Using the CMDS data for 2012–2014 and CLDS data for 2014 and 2016, we further calculate the average time of residence of the floating population by region and city size (Table 2). The results prove the accuracy of the findings obtained from Fig. 3. Regarding the CMDS data, the average residence time is longer than 4.6 yr in the three urban agglomerations and cities in northeastern China, 4.5 yr in cities in western China, and only 4 yr in cities in central China and other cities in eastern China. Simultaneously, the average residence time is longer than 4.8 yr in megacities, 4.5 yr in small and medium-sized cities, and less than 4 yr in big cities. We obtain the same results using the CLDS data. Notably, however, the probable reason for the difference of average resident time shown by CLDS and CMDS is that the CLDS data contain the outflow information of the urban floating population, which is usually larger than the data that do not contain the outflow information.

      Table 2.  Spatial differences in average residence time of urban floating population in China

      ClassificationDifferent types of citiesCMDSCLDS
      201220132014average20142016
      By regionThree Urban Agglomerations in Eastern China4.864.864.714.815.625.94
      Cities in Eastern China without Three Urban Agglomerations3.834.184.004.005.345.42
      Cities in Central China3.694.154.224.025.425.27
      Cities in Northeastern China4.675.034.944.885.965.97
      Cities in Western China4.214.604.604.476.145.74
      By city sizeMegacities (> 10 million residents)5.084.984.834.965.525.95
      Big cities (5–10 million residents)3.704.003.883.865.385.74
      Medium cities (3–5 million residents)4.344.594.684.645.545.83
      Small cities (< 3 million residents)4.384.875.094.786.076.03
      Notes: The average data for the China Migrants Dynamic Survey (CMDS) are based on the average residence time of the total floating population in each region from 2012 to 2014. Data sources: China Migrants Dynamic Survey (CMDS) 2012–2014; China Labor-force Dynamics Survey (CLDS) 2014 and 2016
    • Table 3 reports the regression results obtained using Equation (9) and the CMDS data. Urban density and urban housing price are discovered to both exert a ‘U-shaped’ influence on long-term residence of the urban floating population, whereas urban income, number of theaters per capita, and teacher-student ratio have significantly positive effects in all models. Columns 1 and 2 in Table 3 present the regression results for the 2012 CMDS data. As expected, the coefficients for population density and housing price are significantly negative and their quadratic coefficients are positive, indicating that the influences of population density and housing price on long-term residence are U-shaped. Additionally, urban income, number of theaters, and teacher-student ratio have significant positive impacts. Specifically, in column 1, the coefficient of urban population density and its square term are –0.386 and 0.01, respectively.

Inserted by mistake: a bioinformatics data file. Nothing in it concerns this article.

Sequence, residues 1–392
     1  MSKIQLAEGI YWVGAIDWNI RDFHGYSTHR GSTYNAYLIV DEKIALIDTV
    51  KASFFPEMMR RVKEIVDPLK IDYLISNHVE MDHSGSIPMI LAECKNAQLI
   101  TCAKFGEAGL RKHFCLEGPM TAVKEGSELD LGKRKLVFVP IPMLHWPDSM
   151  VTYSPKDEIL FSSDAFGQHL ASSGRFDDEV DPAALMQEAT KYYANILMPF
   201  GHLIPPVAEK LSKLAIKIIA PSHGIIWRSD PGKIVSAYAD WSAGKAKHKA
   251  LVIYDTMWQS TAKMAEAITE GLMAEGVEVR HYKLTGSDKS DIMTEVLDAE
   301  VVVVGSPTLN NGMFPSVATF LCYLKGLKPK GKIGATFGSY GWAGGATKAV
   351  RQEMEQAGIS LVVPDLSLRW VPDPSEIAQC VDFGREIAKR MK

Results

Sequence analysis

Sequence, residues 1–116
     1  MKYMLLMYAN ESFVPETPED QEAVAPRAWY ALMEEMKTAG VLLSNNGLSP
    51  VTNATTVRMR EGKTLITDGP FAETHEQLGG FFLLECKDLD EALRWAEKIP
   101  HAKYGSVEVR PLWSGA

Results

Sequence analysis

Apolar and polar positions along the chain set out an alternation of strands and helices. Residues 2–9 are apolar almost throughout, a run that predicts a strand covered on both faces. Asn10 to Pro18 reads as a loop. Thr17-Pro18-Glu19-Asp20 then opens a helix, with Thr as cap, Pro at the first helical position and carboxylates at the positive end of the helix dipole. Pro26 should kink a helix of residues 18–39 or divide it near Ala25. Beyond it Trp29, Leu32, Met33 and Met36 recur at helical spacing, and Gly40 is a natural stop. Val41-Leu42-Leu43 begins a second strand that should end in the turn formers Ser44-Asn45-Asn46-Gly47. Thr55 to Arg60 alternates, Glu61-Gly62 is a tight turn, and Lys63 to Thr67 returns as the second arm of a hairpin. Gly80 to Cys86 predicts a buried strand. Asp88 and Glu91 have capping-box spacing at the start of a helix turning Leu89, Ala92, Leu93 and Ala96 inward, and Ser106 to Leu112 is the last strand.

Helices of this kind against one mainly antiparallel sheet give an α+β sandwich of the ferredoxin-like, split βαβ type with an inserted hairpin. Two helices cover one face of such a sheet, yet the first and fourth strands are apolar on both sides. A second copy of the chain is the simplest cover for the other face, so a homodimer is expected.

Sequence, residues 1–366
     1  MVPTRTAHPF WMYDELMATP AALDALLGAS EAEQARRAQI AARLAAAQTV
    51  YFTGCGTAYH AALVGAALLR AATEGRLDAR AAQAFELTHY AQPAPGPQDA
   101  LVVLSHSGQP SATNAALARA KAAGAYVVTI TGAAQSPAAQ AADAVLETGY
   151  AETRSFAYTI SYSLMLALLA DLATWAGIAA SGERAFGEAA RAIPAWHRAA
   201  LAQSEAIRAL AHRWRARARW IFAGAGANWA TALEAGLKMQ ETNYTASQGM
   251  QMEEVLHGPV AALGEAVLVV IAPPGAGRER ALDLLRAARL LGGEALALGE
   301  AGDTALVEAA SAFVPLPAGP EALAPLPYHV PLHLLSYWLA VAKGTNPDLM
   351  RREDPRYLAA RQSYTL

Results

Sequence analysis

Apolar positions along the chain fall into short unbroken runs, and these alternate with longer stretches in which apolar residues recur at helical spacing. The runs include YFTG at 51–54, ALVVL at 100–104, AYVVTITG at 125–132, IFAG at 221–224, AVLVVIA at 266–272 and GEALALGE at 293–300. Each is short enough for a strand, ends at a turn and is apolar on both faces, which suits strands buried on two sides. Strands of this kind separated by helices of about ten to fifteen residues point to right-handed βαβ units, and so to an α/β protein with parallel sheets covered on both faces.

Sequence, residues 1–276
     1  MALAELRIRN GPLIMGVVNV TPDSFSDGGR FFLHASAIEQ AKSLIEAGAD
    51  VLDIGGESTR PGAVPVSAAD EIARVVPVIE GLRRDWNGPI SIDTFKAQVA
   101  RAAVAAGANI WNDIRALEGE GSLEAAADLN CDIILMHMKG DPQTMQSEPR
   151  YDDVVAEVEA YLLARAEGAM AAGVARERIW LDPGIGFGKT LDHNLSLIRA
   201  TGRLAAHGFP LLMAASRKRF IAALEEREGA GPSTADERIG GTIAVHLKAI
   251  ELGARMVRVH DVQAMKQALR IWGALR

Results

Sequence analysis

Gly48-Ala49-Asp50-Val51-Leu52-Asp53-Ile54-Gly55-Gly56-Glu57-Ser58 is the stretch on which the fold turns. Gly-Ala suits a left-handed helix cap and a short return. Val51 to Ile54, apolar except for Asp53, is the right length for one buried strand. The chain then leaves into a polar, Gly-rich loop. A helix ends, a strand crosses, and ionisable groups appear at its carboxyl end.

Table 3.  Explanation of long-term residence based on probit regression

      ElementsExplanatory variables201220132014
      (1)(2)(3)(4)(5)(6)
      Urban elementsPopulation density–0.386***–0.211**–0.501***–0.378***–0.499***–0.353***
      (–2.973)(–2.179)(–8.066)(–6.438)(–8.027)(–5.953)
      Population density square0.010***0.006**0.026***0.019***0.025***0.017***
      (2.676)(2.073)(6.942)(5.439)(6.657)(4.772)
      Housing price–0.850***–0.787***–1.131***–0.854***–1.381***–1.178***
      (–13.433)(–12.947)(–13.665)(–10.924)(–17.072)(–15.229)
      Housing price square0.051***0.047***0.064***0.049***0.076***0.065***
      (14.060)(13.610)(13.743)(11.199)(16.788)(15.060)
      Urban income0.017***0.012***0.075***0.059***0.097***0.080***
      (4.625)(3.272)(18.478)(15.459)(25.181)(21.728)
      Number of theatre per capita0.128**0.016***0.128*0.1190.253**0.217
      (2.572)(3.341)(1.932)(1.566)(2.247)(1.349)
      Teacher student ratio1.787***1.598***0.867***0.848***1.157***1.174***
      (17.952)(16.724)(11.062)(11.461)(14.756)(15.641)
      Micro individual elementsGender–0.0030.0020.013***
      (–1.288)(0.941)(6.050)
      Age0.010***0.011***0.010***
      (67.111)(87.423)(76.867)
      Marriage–0.054***–0.038***–0.064***
      (–9.427)(–7.564)(–12.627)
      Edu–0.004***–0.004***–0.004***
      (–9.775)(–9.308)(–10.920)
      Micro familial elementsHousehold income0.020***0.007**0.006**
      (7.261)(2.556)(2.097)
      Household Expenditure0.072***0.075***0.073***
      (25.702)(28.285)(28.424)
      Only spouse migration0.043***0.061***0.046***
      (7.844)(12.950)(9.312)
      Only children migration0.0110.037***0.023**
      (1.185)(4.274)(2.572)
      Nuclear family migration0.115***0.130***0.123***
      (22.106)(29.444)(26.502)
      N129407128255165564164026166527166310
      Adjusted R20.0840.1060.0780.1020.0870.094
      Notes: t statistics are in parentheses; ***, **, * denote statistical significance at 1%, 5%, and 10% level, respectively. Data source: China Migrants Dynamic Survey (CMDS) 2012–2014